There is no doubt that today, e-commerce is on the rise and represents the future of commerce in the world to come.
The COVID-19 crisis has accelerated its expansion to new businesses, customers and product types. E-commerce has allowed customers to access a wide variety of products from the comfort and security of their homes, and has given businesses the opportunity to continue to operate and grow their sales, despite the challenges. movement restrictions and other containment measures.
Some of these changes in the e-commerce landscape are likely to be long-lasting, given the possibility of new waves of the epidemic and the convenience of new shopping habits.
The speed at which e-commerce is shrinking the market share of traditional retail is amazing.
And here are some figures to illustrate this phenomenon:
In the first quarter of 2010, only 4.2% of retail sales in the United States were made online. In the first quarter of 2019, it was 10.5%. The pandemic and the Jordan Phone Number List various confinements brought this percentage to 16.1% in the second quarter of 2020.
According to research by the University of California, 95% of the global retail market will be online by 2040.
This movement is unlikely to be stalled, given that nearly 70% of Millennials prefer e-commerce to traditional retail, while 58% of Gen Xers prefer to shop online. And even 40% of baby boomers have been won over by e-commerce! Only seniors are still resisting this tidal wave.
But physical outlets have not said their last word!
Many predicted the death of brick-and-mortar stores and the relentless rise of e-commerce a little too soon, with online sales gradually overtaking mainstream retail.
To further complicate the situation and bring a little more confusion between e-commerce and traditional commerce, there is a resurgence of traditional points of sale. Indeed, the pure players in the online sales sector who were previously content to limit their activities to the digital domain are now diversifying into the physical world with their own showrooms or pop-up stores.
If they do, it is good that there is a demand for this type of sale demanded by consumers.
It’s a trend that is being fueled by a number of factors – and that will have far-reaching consequences in the “Stores vs. Ecommerce” conflict.
So, even as e-commerce and mobile commerce continue to rise, physical storefronts will continue to be an indispensable basic tool for retailers of all stripes.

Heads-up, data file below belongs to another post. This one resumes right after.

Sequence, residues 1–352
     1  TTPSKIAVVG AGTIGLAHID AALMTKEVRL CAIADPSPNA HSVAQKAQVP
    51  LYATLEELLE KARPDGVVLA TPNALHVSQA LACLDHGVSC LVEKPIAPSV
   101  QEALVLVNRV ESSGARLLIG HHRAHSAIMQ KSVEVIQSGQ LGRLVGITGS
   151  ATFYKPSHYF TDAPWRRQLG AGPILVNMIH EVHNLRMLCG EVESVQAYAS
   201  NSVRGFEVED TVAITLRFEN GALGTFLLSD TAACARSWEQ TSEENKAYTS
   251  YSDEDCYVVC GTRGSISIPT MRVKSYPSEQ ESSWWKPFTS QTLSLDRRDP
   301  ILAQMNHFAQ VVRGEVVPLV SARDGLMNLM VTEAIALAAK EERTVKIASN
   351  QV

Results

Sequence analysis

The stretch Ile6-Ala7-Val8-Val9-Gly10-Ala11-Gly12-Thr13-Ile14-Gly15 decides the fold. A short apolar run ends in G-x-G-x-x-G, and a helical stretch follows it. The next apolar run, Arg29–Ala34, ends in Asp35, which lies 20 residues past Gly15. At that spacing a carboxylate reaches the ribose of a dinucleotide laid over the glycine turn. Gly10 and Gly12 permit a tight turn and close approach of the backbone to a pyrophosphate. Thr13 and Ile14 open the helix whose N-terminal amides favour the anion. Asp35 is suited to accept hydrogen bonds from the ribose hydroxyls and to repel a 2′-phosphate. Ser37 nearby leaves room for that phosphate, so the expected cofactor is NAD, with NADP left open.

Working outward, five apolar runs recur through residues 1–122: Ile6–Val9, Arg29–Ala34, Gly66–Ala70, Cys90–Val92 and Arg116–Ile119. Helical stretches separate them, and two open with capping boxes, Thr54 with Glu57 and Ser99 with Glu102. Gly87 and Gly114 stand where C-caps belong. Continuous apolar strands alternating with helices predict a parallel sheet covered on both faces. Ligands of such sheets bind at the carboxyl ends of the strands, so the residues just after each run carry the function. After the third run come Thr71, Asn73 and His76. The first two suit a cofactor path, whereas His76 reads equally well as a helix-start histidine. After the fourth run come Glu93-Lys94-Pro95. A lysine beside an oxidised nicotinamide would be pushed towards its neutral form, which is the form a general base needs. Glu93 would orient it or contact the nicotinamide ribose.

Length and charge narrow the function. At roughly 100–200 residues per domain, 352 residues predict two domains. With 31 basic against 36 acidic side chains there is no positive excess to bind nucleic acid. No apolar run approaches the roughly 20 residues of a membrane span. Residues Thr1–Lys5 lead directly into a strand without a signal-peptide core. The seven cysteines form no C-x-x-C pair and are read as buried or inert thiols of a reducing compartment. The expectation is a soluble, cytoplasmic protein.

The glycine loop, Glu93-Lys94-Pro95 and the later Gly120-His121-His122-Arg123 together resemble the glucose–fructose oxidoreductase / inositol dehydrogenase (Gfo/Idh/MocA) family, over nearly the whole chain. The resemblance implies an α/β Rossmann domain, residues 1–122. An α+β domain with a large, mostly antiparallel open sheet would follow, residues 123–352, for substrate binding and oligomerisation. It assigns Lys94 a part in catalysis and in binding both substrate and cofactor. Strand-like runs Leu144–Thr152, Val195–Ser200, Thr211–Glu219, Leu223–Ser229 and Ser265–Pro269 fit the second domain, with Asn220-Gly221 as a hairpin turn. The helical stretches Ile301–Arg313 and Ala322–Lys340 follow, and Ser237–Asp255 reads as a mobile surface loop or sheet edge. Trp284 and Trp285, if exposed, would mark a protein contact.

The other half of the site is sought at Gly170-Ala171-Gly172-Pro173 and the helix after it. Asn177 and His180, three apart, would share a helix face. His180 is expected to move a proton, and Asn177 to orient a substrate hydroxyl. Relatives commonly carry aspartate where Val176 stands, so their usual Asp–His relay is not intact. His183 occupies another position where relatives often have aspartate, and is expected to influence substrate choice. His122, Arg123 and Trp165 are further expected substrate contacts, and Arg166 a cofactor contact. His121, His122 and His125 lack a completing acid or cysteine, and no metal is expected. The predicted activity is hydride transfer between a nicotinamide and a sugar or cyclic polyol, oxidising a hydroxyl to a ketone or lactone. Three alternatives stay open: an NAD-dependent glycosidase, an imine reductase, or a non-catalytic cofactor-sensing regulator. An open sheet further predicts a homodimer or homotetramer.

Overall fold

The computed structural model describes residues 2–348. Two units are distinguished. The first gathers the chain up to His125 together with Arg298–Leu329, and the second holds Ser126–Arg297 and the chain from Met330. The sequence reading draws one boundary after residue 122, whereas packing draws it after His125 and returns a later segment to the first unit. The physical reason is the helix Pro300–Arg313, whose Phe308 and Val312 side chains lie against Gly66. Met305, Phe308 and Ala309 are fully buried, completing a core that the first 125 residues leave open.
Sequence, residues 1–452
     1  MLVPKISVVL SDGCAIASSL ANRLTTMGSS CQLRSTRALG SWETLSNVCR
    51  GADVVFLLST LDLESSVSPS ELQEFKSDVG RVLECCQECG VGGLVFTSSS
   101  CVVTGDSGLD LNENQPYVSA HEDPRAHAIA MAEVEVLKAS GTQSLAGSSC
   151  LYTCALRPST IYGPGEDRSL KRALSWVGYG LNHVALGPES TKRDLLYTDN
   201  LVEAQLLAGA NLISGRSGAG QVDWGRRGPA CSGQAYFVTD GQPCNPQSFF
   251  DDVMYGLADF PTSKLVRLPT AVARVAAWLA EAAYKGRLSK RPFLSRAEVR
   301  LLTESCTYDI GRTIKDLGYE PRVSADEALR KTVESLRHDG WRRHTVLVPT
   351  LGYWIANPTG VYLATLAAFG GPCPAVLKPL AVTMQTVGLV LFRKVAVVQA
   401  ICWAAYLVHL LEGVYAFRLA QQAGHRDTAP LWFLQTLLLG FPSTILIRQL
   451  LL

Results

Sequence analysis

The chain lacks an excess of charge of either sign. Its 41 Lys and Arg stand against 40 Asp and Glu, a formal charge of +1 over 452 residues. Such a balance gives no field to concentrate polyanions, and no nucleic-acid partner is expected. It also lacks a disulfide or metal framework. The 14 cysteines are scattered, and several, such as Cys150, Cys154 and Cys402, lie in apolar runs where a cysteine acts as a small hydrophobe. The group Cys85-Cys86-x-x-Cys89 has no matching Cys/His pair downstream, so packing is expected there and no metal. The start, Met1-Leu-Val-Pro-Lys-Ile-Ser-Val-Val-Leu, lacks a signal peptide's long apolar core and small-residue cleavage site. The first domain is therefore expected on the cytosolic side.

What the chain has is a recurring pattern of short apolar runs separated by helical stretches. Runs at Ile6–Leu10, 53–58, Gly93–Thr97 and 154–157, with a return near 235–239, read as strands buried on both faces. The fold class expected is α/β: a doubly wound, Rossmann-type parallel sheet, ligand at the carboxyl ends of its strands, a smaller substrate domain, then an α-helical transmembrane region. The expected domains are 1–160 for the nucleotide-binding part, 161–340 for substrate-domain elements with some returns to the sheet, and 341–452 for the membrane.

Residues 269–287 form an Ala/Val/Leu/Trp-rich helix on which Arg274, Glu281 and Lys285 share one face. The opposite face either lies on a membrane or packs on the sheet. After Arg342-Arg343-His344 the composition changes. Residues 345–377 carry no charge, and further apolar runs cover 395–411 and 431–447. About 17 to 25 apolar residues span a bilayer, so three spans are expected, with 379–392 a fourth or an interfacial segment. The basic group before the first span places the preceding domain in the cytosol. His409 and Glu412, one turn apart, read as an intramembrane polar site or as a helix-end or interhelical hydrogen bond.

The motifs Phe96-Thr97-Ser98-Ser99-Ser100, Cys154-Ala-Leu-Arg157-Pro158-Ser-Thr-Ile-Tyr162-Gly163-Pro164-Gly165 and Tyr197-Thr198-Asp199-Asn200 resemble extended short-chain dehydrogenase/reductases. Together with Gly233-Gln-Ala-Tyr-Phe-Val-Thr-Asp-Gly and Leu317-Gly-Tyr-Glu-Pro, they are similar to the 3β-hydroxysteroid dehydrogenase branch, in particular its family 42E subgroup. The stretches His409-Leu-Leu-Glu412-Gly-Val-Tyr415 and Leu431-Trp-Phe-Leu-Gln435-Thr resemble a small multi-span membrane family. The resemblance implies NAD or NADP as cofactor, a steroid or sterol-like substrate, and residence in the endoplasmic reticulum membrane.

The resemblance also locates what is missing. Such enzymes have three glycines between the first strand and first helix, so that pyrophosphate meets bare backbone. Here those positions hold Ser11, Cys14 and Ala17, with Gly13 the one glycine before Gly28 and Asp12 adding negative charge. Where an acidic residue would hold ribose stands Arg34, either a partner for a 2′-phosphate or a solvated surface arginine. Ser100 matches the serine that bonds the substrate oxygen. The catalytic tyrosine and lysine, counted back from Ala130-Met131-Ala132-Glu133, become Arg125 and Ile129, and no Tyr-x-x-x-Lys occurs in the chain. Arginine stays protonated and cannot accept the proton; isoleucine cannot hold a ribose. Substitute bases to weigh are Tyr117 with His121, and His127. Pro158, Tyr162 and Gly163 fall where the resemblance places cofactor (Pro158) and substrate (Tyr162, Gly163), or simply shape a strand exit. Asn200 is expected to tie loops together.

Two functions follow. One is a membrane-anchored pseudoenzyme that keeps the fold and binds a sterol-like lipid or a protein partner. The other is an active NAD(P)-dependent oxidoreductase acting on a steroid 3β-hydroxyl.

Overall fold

In this article, we will not go through all the advantages that e-commerce provides, and that make it successful (available 24 hours a day, 7 days a week, generally lower costs than traditional retail, ease of online payments, ordering from home, etc.).
Let’s first see why traditional commerce is still alive and well, by analyzing its main strengths. And then let’s try to see how e-commerce and traditional commerce can complement, or even merge.
Traditional commerce is not dead
Despite dire predictions and the terrible pandemic that is hitting the whole world, and retail in particular, traditional stores will not cease to exist.
If physical stores adapt to the changes and challenges of our times, they will never go away.
Why ? Because shopping is a visceral experience.
People love to smell and touch the things they buy – whether it’s a sweater or a bottle of perfume, the shopping experience is obviously much better in a store.
Second, shopping has always been and will continue to be a social experience. It can be seen as an activity of spending time with friends or family, and giving the opportunity to discuss, for example, the appearance of an item before buying it.
Also, with “real” shopping, there is no frustration associated with shipping. It must be said that the delivery of parcels has progressed a lot and that delivery times are shorter and shorter, but by buying directly in a store, you eliminate the problems of delays or damaged or missing parcels. And then you have the joy of leaving directly with your purchase.